|The ever popular, Truck-Grab Butt Stall|
When I hit up Kristian Svitak to do a Slapchat, I figured it would be the the journalistic equivalent of a slappy on a red painted roundy. Svitak’s from the midwest, he came up at the end of the 80’s, hell, he was a teammate of John Lucero and Jason Adams for years. I just sort of assumed that this Ohio-reared shredder would have a deep devotion to the sacred slappy.
Never take anything for granted kids, especially in skateboarding. When I called him up on the road with my standard list of questions, I got a minor shock.
“I’ve never really had a slappy phase,” Svitak explained. “I enjoy doing them...but this whole slappy thing, my buddies are always trying to get me to do slappies. ‘Hey let’s go do slappies!’ Yeah, that sounds fun, but, nothing against the slappy, but when I think about the limited time I have to skate, I want to do all sorts of things. I’ve got skateboarding ADD, I only have so many slappies, and then it’s like: ‘Is there a set of stairs around here?’”
After reeling backwards and clutching my chest Fred Sanford style, I took a moment to ponder this. There is an important point here: Even though a lot of guys like me are going back to skating curbs and obsessing over slappies, in reality we are actually children of the ollie.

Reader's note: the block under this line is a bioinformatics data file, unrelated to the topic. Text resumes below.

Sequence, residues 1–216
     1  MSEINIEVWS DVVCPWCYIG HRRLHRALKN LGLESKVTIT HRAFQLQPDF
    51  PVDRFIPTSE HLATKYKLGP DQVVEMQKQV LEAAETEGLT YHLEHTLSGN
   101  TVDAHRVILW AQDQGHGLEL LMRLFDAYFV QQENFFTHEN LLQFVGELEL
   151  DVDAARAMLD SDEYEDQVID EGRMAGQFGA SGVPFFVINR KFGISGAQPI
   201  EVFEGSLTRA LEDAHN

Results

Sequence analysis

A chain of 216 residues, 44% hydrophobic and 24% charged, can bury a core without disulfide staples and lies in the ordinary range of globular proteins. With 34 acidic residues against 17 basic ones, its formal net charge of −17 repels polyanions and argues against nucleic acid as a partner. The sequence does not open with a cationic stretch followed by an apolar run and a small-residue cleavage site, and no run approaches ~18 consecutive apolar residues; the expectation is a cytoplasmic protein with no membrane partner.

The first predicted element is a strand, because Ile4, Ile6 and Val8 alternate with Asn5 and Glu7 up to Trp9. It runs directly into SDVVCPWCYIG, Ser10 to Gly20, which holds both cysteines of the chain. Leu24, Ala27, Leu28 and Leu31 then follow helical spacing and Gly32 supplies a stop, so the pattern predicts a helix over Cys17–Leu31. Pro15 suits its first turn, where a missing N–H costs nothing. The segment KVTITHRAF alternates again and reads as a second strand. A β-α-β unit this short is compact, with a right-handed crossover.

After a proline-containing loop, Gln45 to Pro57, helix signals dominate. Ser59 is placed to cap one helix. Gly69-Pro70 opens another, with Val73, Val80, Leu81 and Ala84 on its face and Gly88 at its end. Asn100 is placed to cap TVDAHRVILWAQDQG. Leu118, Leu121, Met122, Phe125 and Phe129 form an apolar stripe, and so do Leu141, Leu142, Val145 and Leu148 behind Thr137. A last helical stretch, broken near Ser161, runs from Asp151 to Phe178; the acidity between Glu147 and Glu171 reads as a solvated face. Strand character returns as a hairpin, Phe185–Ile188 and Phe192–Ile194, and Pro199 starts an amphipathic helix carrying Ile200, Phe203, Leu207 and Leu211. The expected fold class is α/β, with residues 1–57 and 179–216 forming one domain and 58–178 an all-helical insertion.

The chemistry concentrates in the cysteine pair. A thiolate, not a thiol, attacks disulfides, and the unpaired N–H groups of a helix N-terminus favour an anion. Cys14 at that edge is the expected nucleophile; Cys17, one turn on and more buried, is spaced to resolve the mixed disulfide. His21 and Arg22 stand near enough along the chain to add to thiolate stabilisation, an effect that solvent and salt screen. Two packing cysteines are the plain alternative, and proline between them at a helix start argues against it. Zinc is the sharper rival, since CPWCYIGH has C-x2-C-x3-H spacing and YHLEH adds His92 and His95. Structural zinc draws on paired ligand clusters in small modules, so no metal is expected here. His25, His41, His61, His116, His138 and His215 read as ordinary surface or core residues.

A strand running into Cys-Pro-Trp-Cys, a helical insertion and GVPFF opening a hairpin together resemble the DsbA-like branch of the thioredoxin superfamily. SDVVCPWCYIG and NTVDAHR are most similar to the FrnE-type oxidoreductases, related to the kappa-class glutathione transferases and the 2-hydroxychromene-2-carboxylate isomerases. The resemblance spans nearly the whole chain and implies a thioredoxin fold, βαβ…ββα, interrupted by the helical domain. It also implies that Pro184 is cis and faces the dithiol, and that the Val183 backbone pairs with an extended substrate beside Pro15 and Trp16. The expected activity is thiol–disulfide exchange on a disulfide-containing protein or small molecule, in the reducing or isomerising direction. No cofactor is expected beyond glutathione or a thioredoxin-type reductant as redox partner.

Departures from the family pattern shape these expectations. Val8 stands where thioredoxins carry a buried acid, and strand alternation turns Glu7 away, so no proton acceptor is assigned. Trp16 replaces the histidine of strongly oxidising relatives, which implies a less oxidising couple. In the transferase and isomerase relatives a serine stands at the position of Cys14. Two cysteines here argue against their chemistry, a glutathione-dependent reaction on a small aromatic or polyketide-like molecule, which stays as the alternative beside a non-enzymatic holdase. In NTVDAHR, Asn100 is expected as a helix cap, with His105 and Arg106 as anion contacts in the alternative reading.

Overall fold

“I started in the late 80’s,” Svitak explained. “By then people were past the slappy, and all the older guys just skated transitions. We tried to learn ollie to grind as quickly as we could.”
Honestly, slappies weren’t really something that defined my skateboarding wonder years either. They’re something I came to in adulthood, I suspect that’s true for a lot of guys riding this curb craze. There’s the temptation to see this as proof of the absurdity of this whole slappy trend: Maybe we're all just a bunch of kooks wrapped up in nostalgia for a past that isn’t even our own. On the other hand, maybe its proof that there is more to the back-to-basics street skating movement than some sort of yearning for 1988.
Likewise, maybe there’s more to this whole curb skating thing than slappies as well.
“You know what?” Svitak mused, “I really like stalls. I want stalls to make a come back. Sure, there’s slappies and all of that, what about stalls?”
Stalls? The perennial black sheep of the curb skating family? The trick of last resort when all you’ve got is a curb or a bench that wont grind no matter how hard you hit it? Nobody gets nostalgic for stalls, do they? Well, maybe that's a problem. In the space of one statement, the interview had spun off in a whole new direction. A rad one.
I had called Svitak to talk slappies, but he brought the conversation to a whole other dimension. It was kind of like going to your favorite curb and then sudenly finding a perfect wallride behind a dumpster off to the side.